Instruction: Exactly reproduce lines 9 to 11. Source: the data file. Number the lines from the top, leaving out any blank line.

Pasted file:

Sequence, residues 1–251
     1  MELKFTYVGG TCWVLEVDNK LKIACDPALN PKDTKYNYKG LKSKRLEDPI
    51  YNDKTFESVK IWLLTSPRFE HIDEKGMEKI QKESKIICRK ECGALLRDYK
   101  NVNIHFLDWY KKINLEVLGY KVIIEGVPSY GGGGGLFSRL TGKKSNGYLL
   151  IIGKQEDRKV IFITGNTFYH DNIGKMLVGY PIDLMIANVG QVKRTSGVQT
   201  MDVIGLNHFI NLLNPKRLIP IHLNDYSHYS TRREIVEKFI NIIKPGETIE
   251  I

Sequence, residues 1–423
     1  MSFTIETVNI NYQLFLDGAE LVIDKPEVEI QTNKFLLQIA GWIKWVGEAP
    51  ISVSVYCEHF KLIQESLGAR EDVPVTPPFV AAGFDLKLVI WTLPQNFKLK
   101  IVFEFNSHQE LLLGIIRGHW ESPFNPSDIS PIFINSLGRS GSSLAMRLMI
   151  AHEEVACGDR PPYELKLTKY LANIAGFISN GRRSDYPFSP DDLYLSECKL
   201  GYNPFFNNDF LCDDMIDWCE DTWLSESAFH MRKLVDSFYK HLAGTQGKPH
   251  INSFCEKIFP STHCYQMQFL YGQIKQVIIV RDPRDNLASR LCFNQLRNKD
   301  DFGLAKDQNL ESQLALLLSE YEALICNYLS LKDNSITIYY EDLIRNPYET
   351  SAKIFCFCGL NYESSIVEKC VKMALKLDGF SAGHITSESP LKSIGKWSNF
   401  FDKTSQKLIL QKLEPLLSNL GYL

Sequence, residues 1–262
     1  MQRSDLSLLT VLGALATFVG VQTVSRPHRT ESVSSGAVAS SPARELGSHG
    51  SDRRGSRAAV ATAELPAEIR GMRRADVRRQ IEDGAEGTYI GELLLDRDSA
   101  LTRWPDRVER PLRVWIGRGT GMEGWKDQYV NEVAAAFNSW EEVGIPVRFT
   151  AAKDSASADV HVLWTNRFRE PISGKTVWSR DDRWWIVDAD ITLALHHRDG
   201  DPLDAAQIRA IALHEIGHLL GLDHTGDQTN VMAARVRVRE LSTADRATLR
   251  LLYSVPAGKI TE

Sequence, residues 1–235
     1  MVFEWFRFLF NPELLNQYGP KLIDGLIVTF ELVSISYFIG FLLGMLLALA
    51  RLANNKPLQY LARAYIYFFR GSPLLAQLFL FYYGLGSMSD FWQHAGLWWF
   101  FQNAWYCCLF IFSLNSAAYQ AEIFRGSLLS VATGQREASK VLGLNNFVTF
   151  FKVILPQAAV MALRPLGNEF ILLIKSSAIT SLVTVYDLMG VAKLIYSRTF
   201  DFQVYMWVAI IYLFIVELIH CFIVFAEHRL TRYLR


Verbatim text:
     1  MSFTIETVNI NYQLFLDGAE LVIDKPEVEI QTNKFLLQIA GWIKWVGEAP
    51  ISVSVYCEHF KLIQESLGAR EDVPVTPPFV AAGFDLKLVI WTLPQNFKLK
   101  IVFEFNSHQE LLLGIIRGHW ESPFNPSDIS PIFINSLGRS GSSLAMRLMI